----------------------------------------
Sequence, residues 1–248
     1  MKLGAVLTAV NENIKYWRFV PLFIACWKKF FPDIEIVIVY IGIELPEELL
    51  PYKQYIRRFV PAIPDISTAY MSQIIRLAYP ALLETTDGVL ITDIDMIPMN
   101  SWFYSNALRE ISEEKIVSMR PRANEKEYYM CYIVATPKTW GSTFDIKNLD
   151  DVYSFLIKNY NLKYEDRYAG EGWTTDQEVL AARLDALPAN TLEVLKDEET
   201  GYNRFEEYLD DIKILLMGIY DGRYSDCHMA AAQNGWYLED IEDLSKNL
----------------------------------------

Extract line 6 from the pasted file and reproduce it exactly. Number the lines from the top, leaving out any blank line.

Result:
   201  GYNRFEEYLD DIKILLMGIY DGRYSDCHMA AAQNGWYLED IEDLSKNL